After spending a morning teaching session with our interns and residents on ambulatory block rotation, my heart aches when I think about how hard we’ve made it for them to consider choosing a life of outpatient primary care.
The supervising attending faculty in our practice are working here in this environment because we love taking care of our patients, we love primary care, and we are dedicated to teaching the next generation (and several generations back) the joys, challenges, and satisfaction of a career in primary care.
All of the attendings are eminently qualified, and could easily go into private practice somewhere, join a concierge group, churn through patients in a more profitable and comfortable fee-for-service environment. But we’ve all chosen to remain here, in the somewhat sheltered academic cocoon, with a stated goal of serving as mentors and role models for medical students, interns, residents, and fellows, heading towards a life in internal medicine.
But, compared to the life they may see over in the hospital, the life of specialists, subspecialists, and sub-subspecialists who are delivering care in a more supportive environment, how can we make it easier for them to choose this life that we all love and find so rewarding, and in ways not always tangible and certainly not always financial?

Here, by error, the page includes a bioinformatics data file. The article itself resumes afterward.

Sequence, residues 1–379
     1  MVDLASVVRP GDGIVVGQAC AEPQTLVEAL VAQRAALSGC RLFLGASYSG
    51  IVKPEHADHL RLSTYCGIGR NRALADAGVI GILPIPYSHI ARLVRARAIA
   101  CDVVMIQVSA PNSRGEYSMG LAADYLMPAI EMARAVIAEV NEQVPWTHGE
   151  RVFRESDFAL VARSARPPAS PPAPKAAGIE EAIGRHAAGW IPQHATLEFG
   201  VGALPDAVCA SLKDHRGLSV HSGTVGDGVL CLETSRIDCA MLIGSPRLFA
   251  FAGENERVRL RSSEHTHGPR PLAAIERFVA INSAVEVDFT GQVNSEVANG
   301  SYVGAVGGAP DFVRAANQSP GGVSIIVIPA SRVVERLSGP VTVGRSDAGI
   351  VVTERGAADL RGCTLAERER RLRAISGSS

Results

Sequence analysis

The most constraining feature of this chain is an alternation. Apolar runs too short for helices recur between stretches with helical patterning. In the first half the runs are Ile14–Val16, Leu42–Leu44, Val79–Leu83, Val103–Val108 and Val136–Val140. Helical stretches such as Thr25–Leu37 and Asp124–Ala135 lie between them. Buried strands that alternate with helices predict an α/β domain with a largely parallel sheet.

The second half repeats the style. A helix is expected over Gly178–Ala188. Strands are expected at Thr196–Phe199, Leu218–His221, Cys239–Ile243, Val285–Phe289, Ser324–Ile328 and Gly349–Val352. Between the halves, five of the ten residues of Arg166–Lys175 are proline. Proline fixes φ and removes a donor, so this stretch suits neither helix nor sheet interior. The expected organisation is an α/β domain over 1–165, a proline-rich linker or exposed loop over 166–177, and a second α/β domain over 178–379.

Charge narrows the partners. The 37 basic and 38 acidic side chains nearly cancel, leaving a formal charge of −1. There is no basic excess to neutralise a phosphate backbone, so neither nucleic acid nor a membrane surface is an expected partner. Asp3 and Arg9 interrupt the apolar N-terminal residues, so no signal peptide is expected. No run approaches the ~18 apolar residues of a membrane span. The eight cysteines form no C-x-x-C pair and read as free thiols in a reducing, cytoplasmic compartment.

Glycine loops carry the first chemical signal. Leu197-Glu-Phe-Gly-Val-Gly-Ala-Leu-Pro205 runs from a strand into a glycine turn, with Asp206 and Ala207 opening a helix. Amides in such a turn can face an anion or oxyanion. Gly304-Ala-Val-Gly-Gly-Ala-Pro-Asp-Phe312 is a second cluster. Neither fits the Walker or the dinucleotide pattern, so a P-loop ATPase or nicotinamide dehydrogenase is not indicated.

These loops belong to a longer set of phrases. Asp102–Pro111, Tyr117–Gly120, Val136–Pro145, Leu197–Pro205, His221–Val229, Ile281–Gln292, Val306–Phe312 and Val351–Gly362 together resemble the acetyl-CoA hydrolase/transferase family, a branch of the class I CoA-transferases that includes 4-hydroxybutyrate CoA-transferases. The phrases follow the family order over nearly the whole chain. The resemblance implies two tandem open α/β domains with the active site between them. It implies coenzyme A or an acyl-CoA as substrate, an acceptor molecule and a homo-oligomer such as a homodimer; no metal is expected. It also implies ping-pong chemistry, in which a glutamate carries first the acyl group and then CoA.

The Paperwork Blizzard
On Thursday mornings, we have dedicated time set aside to meet with our residents and interns on their ambulatory block rotation, to talk about cases, review labs, brainstorm about clinical conundrums, and generally hash things out.
Despite the loftier goal that this time has been set up to be, far too often it degrades into a plethora of paperwork, a smorgasbord of signatures, a snowstorm of sheets of paper with endless itemized details about the care of our patients that someone decided we need to pay attention to so they can help us take care of our patients.
Face-to-face forms from Medicare that testify that we saw a patient on a certain date exclusively to address the issue that they’re worried about. Home care forms itemizing all of the things that the home care agency says they’re going to be doing for our patients. Prescription refills faxed to us all day long, despite the fact that we have an electronic heath record equipped with e-prescribing. Requests for durable medical equipment for care provided by specialists who have deemed themselves above this sort of thing and told the agencies to “send it to the PCP.”
Starting out in their careers, these new doctors were fascinated with internal medicine and all it encompasses, that amazing array of diseases we get to take care of, the signs and symptoms we get to evaluate, the acute care we get to deliver, the way we get to play medical detective, the way we get to be advocates for our patients in this fractured healthcare system, the longitudinal relationships we get to develop where the patients say “that’s my doctor.”
None of them chose internal medicine so they could be paper-pushers, form signers, faxers, or scanners.
Making it More Interesting
During the hour we had together, they sheepishly shuffled through stacks of faxes, and mail they’d received from numerous outside sources, and handed them over to me for a signature as the supervising physician.
Not much learning going on here.
We tried to talk about how important many of these things were for the care of our patients, the way having a home health aide can dramatically improve the lives of our patients and let them safely function in the community.
I tried to get creative and talk about the medical issues that the subspecialists were caring for, and how this durable medical equipment was necessary for the patients to stay healthy and safe.